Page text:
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New Imaging Tool Can Spot Glaucoma Risk

But experts say it will be several years before there's widespread use

MONDAY, June 9, 2008 (HealthDay News) -- A sophisticated new imaging device could one day help doctors detect the devastating eye disease known as narrow-angle glaucoma earlier and more accurately, researchers report.

If left undetected and untreated, narrow-angle glaucoma can lead to a sudden or acute glaucoma attack, which can result in permanent vision loss.

Researchers at Duke University Medical Center detail the new technology in the June issue of the Archives of Ophthalmology.

"Narrow angle glaucoma is one-third the prevalence of open-angle glaucoma worldwide but it is more blinding than open-angle glaucoma. It will be the leading cause of irreversible blindness in the world by the year 2050," said study author Dr. Sanjay Asrani, an associate professor of ophthalmology with the Duke Eye Center. "That's why this [new imaging instrument] has such strategic significance."

Asrani predicted that the technology -- called Fourier-domain optical coherence tomography (FDOCT) -- would be available at teaching or university hospitals within five years, but it will be longer before there's widespread use.

"The approach is exciting as it may offer us another tool to help us detect this potential risk," said Dr. Andrew Iwach, a spokesman for the American Academy of Ophthalmology and executive director of the Glaucoma Center of San Francisco. "It will also help us further refine our ability to decide who needs laser surgery or not."

Narrow-angle glaucoma affects some half million people in the United States, making it much less common than open-angle glaucoma, which affects six times that many, according to the Glaucoma Research Foundation.

As people age, changes in the eye's lens can occur, including thickening. "There's a slight shift in the position of the eye to the point that there could be a rupture of the normal, free flow of fluid in the eyes," said Iwach. This can change the relative position of the iris (the colored portion of the eye) and affect the angle of the eye, meaning the distance between the cornea and the iris.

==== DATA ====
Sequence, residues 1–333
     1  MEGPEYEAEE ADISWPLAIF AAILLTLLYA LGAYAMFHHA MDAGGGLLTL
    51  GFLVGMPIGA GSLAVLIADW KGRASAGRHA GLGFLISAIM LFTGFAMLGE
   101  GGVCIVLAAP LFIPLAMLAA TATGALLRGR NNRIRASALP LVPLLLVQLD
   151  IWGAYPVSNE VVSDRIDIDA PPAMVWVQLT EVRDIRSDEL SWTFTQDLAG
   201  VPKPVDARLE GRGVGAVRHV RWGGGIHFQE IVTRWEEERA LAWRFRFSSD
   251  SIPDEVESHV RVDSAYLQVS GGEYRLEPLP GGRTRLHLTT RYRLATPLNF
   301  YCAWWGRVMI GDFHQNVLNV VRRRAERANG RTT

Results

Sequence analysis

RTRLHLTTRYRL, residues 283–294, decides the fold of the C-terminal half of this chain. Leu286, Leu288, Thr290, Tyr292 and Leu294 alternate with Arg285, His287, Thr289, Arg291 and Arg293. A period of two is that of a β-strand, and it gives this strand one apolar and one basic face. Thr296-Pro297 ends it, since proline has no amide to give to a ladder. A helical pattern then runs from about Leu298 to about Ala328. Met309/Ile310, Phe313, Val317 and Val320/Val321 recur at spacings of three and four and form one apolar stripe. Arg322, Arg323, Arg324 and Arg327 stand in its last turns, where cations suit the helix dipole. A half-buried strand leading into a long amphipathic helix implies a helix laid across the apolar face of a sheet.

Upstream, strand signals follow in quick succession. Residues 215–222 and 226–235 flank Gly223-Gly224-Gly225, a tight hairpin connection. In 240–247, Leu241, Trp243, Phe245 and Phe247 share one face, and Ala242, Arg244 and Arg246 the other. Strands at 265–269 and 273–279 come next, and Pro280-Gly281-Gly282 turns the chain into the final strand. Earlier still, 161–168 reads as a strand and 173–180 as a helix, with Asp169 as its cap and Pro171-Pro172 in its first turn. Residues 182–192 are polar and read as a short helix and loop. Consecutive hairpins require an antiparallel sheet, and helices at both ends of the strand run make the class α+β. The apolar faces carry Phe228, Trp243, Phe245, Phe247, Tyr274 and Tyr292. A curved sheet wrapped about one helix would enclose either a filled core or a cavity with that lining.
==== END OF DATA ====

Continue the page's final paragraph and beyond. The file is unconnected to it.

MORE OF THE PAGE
"The problem with narrow-angle glaucoma is that it's sometimes difficult to diagnose," said Dr. Robert Cykiert, an associate professor of ophthalmology at New York University Langone Medical Center in New York City. "You have to apply a special lens to diagnose narrow-angle glaucoma, [but] when we apply this lens, we're changing the anatomy of the eye. Sometimes we change the appearance of the angle. You can't be sure of the diagnosis because part of the examination is actually changing what you're looking at."

Currently, doctors use lasers to cut an opening in the iris to reduce the risk for a sudden attack.

FDOCT, by contrast "shines a light in a special infrared frequency onto the eye," Cykiert explained. "That's connected to a computer which does a very highly sophisticated analysis of how the light penetrates the eye."

"It's an imaging device that allows us to image the eye without cutting," Iwach added. "The nice thing is it doesn't touch the eye."

Beyond that, the technology will enable physicians to standardize or quantify changes in the eye and also visualize other structures in the eye that may have problems.

More information

To learn how to take better care of your eyes, visit the American Academy of Ophthalmology.

SOURCES: Sanjay Asrani, M.D., associate professor, ophthalmology, Duke Eye Center, Durham, N.C.; Robert Cykiert, M.D., associate professor, ophthalmology, New York University Langone Medical Center, New York City; Andrew Iwach, M.D., spokesman, American Academy of Ophthalmology, and executive director, Glaucoma Center of San Francisco; June 2008 Archives of Ophthalmology
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